By: Caroline Nickerson
On Thursday, October 19, the UF-VA UNESCO Bioethics Unit met for presentations commemorating World Bioethics Day. UNESCO has 73 units of this particular program, and our unit was set up two years ago with the help of Dr. Russel D’Souza, chair of UN Bioethics Day in Haifa. Dr. Russel D’Souza filmed a short, personalized video welcome for our Bioethics Day celebration.
The theme we selected for this day, “Equality, Justice, And Equity,” encompasses principles we implement 365 days a year. As Dr. Joe Thornton, the leader of the UF-VA Unit, said at the beginning of his presentation for our celebration, “We think of ethics as a verb. We put action into ethics.” The UF-VA UNESCO Bioethics Unit performs a number of functions, including hosting this year’s global conference in Orlando and publishing in journals, but the stated, primary function is to implement ethics into everyday clinical practice.
The Bioethics Day Celebration we hosted was in marked contrast to the hate speech professed by white nationalist Richard Spencer on the same day. To highlight this contrast and establish our positive, constructive tone, mediation expert Beatriz Elena De Bruna led both a mindfulness mediation and a kindness meditation at the start of the conference.
Dr. Thornton and Dr. Rajiv Tandon facilitated a conversation about Puerto Rico and the provision of aid after Hurricane Maria, especially to Puerto Ricans evacuating to Florida. With other UF Health professionals, Dr.Thornton seeks to lend expertise in providing social services, especially with the use of technologies and organization. He is maintaining a google site to this end: https://sites.google.com/view/operationmariarescue/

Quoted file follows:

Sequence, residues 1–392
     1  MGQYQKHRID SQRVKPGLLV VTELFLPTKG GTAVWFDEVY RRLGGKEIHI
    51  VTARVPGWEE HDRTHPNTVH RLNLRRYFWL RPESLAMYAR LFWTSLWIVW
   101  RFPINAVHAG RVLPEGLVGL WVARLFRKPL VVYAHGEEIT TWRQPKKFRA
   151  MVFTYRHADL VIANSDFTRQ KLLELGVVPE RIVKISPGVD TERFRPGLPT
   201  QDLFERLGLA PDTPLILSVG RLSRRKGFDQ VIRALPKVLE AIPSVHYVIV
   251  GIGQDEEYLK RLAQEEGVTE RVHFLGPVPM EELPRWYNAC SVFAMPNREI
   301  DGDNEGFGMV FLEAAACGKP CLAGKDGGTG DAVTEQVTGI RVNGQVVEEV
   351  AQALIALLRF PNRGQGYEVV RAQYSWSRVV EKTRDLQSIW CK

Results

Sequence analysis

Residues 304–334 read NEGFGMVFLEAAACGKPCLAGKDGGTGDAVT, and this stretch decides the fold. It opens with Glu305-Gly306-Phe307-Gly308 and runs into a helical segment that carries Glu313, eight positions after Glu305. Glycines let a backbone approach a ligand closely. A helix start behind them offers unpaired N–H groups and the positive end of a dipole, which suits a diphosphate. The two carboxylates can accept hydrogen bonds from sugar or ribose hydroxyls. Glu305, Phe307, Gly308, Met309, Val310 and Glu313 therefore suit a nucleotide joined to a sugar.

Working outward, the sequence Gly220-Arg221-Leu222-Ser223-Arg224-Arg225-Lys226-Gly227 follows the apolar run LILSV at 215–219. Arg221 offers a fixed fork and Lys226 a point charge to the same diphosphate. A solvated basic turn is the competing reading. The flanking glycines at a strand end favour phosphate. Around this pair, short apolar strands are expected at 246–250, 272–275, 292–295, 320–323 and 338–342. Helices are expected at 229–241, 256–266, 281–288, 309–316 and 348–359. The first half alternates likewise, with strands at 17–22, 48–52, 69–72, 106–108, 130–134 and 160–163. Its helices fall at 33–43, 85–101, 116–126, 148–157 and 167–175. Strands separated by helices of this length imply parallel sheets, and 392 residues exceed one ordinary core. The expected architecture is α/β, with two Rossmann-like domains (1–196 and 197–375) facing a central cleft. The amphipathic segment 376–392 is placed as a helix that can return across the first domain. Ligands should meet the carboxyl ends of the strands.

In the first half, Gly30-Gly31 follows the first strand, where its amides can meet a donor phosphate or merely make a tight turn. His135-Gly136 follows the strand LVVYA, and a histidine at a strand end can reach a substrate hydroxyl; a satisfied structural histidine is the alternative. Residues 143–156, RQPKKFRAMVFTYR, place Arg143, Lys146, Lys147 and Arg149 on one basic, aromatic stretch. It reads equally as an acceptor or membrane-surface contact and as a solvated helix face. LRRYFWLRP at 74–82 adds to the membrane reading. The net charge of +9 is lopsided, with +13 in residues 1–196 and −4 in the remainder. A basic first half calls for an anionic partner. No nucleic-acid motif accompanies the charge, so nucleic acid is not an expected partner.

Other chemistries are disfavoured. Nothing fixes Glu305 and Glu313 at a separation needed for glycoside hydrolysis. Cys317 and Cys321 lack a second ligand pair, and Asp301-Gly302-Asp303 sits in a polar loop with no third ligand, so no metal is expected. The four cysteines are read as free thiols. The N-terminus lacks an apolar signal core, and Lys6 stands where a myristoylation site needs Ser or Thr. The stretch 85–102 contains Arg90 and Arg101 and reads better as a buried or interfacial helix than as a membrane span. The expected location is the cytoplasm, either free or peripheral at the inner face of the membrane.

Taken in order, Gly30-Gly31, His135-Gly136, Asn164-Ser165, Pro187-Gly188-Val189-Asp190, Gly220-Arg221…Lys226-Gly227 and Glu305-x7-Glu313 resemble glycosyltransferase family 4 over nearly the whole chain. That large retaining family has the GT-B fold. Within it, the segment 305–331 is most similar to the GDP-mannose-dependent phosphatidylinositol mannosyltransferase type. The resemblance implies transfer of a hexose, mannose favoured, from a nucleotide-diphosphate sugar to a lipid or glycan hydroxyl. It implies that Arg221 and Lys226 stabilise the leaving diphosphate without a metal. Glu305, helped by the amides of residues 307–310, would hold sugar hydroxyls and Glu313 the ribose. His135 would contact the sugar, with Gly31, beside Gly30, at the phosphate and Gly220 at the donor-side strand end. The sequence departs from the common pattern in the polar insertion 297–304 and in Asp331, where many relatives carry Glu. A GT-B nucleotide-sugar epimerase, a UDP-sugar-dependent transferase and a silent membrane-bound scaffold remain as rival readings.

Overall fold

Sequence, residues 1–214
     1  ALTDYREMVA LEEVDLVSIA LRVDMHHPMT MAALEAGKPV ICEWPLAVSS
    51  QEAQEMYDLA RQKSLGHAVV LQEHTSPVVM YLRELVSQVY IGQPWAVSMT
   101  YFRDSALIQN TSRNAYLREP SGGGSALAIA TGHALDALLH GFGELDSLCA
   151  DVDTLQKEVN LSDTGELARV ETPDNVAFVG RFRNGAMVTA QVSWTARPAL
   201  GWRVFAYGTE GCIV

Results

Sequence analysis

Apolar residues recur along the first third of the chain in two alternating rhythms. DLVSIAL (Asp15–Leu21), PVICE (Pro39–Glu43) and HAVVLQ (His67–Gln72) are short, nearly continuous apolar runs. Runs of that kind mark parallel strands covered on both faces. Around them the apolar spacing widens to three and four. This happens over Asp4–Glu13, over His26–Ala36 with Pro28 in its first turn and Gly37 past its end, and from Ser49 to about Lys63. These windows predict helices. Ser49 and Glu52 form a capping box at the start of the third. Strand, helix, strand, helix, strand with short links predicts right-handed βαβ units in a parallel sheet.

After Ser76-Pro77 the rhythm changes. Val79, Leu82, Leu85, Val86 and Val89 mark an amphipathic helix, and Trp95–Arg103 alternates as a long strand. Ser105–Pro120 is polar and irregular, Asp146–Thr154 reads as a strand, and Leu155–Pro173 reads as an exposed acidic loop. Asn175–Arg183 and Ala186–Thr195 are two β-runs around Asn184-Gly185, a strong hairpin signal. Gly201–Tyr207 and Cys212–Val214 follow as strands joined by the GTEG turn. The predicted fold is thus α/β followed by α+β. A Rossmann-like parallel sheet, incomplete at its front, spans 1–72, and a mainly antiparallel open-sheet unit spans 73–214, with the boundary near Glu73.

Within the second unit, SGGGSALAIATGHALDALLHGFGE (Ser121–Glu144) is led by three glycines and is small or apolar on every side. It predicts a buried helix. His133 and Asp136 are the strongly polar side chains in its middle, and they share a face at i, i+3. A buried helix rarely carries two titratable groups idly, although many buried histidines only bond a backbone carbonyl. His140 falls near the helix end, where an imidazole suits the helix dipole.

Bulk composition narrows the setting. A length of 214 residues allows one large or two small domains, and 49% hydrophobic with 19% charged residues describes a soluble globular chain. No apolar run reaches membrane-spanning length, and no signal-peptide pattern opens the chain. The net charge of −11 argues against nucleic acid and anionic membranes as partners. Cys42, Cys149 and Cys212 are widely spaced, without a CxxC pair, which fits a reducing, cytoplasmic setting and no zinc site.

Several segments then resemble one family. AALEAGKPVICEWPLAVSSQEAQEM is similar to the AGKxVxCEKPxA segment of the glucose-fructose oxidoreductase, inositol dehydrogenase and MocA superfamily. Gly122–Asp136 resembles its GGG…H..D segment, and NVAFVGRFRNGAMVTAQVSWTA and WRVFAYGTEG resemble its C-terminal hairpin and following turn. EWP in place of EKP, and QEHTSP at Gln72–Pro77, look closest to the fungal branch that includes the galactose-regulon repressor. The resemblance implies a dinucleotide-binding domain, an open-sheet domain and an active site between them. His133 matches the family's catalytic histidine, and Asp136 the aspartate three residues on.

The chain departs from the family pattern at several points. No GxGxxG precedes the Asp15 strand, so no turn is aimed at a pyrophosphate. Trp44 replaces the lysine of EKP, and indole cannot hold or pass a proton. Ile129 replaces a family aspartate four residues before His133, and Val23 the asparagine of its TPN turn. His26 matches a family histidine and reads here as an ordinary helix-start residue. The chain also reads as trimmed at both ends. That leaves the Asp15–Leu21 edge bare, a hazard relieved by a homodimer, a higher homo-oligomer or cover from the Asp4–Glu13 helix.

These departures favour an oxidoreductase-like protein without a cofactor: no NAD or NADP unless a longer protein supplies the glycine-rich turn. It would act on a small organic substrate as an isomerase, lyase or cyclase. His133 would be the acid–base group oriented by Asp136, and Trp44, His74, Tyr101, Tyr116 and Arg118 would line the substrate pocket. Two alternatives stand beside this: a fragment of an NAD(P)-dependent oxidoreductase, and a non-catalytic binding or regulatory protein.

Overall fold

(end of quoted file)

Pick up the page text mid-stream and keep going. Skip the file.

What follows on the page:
Dr. Jessica Khan then gave a presentation on Steve Biko, a young man killed while he was fighting against apartheid in South Africa. This story often resonates with medical professionals, as physicians were involved with his death, and Biko was also a former medical student. The Steve Biko Bioethics Center (part of a UNESCO unit) now exists at Wits University. Steve Biko once said, “It is better to die for an idea that will live than to live for an idea that will die.”
Editorial assistant Caroline Nickerson finished the day by presenting on the Christensen Memorial Project, in particular the ethics curriculum. The ethics curriculum includes Dr. Christensen’s writings along with original content from other UF Psychiatry Department faculty. Featured throughout the curriculum are puzzle pieces decorated by friends, family, and colleagues of Dr. Christensen under the guidance of Maggie Hannon, a recreational therapist. These pieces honor Dr. Christensen, his teachings on ethics, and his focus on serving the underserved. After display in Florida, these pieces will be incorporated into artist Tim Kelly’s “Puzzle Project” in New York, New York.
Our World Bioethics Day Celebration inspired spirited and meaningful conversation. To come to the next quarterly UF-VA Bioethics Unit meeting, contact Dr. Thornton at email@example.com.